January 8, 2020
Like the Internet of Things, machine learning (ML) and its more august sibling, artificial intelligence (AI), are upon us. The former is impacting business and IT operations, and the latter will impact nearly all of society. When most of us think of them, we envision incomprehensible algorithms and the brawny CPUs and GPUs all but running on nitro that bring them to life. Who thinks of quotidian storage?
The fact is the very foundation of AI and ML is data, lots of it, and the data must be stored somewhere. The data coming out of AI and ML are only as good as the data going into them. And the more data, the better. The larger the datasets, the more accurate will be the pattern recognition, correlations, analyses, and decision-making. The more data, the smarter our machines will be. This is true for any use case or workload, from sequencing genomes, improving agricultural yields, and scientific research to fraud detection, customer support, and self-driving automobiles.
Additionally, AI and ML generate data. Once AI/ML applications process their source data, the results will need to be safely stored and reused for further analyses.
Feeding the gluttony of AI and ML for data presents challenges. Data will come from many sources, such as business operations within the enterprise and IoT and social media from outside the enterprise. Data repositories must be extremely scalable, while still being cost-efficient, which often means hybrid infrastructures combining on-premise and cloud storage. Object storage will be a common solution for its ability to present vast troves of data in a single namespace.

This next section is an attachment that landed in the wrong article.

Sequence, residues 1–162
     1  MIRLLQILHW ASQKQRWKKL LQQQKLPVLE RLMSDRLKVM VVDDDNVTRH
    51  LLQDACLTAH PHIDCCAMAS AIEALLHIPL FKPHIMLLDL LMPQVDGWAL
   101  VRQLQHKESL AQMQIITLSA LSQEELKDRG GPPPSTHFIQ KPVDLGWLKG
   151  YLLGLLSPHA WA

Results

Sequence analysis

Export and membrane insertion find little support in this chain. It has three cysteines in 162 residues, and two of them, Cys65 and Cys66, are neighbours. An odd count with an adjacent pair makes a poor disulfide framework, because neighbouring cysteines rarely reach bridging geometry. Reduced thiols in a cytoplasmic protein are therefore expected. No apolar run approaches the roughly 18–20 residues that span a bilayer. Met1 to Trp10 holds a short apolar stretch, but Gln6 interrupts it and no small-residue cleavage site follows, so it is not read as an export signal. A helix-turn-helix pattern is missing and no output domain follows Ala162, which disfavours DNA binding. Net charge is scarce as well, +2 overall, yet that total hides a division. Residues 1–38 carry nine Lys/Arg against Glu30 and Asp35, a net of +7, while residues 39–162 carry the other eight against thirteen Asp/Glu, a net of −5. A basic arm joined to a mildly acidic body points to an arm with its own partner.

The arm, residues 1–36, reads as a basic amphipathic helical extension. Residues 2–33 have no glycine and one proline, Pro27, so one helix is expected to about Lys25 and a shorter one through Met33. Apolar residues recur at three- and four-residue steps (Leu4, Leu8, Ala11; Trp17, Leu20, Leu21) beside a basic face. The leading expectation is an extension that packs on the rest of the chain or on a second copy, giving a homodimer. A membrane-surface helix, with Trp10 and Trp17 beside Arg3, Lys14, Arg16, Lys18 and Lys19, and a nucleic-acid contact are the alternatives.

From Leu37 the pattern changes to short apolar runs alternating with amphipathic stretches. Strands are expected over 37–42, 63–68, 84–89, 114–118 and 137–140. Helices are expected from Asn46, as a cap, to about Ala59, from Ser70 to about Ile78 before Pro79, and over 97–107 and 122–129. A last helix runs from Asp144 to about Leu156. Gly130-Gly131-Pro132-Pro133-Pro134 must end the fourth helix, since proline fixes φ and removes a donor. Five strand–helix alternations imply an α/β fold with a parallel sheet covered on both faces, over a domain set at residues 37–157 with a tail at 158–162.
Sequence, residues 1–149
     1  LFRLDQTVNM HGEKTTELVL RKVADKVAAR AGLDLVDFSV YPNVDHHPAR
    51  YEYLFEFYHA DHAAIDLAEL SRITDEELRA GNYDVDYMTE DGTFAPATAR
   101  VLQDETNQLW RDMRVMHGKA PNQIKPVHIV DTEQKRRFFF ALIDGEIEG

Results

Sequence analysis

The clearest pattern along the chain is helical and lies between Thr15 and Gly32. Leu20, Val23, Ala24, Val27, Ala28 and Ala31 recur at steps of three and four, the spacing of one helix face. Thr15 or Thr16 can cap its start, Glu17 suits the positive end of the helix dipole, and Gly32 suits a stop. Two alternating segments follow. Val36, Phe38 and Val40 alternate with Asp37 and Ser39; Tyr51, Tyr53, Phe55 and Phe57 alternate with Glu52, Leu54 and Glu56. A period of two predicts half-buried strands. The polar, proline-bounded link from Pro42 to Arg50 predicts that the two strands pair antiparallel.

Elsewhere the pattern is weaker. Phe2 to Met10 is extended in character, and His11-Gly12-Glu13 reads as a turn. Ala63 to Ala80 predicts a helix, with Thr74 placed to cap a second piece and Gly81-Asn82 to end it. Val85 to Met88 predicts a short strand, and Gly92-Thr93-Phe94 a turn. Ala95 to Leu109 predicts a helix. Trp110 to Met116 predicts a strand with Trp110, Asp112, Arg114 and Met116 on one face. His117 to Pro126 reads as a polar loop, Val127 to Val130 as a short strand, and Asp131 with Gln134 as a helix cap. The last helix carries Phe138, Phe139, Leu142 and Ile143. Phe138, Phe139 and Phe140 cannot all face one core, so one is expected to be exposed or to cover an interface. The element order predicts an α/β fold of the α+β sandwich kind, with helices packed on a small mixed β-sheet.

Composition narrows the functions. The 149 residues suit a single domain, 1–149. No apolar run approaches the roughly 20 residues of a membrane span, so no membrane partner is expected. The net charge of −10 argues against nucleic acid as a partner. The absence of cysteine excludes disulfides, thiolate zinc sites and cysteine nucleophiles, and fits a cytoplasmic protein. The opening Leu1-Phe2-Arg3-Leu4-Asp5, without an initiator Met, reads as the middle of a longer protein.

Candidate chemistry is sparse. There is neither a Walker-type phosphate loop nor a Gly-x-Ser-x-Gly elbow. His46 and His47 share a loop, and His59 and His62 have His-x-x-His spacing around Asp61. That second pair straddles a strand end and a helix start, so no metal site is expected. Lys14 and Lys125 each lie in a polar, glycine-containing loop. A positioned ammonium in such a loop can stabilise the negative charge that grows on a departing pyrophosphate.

Additionally, using high-octane GPUs will be wasted if the storage is a bottleneck. For this reason, AI and ML can best be served by flash drives, particularly for real-time use cases like assessing financial transactions.
Finally, AI and ML will improve storage itself. Vendors have already started to include logic in their offerings to better understand and manage enterprise environments. Armed with AI and ML, administrators will determine usage and detect patterns, and make more informed decisions about I/O patterns and data lifecycles. They’ll more accurately project future capacity needs and even perhaps predict failures, permitting proactive measures to safeguard operations.
The bottom line: if you’re planning on ML or AI applications in your enterprise, strongly consider the storage that will enable them. In storage, as in life itself, the one thing that never changes is that things are always changing.
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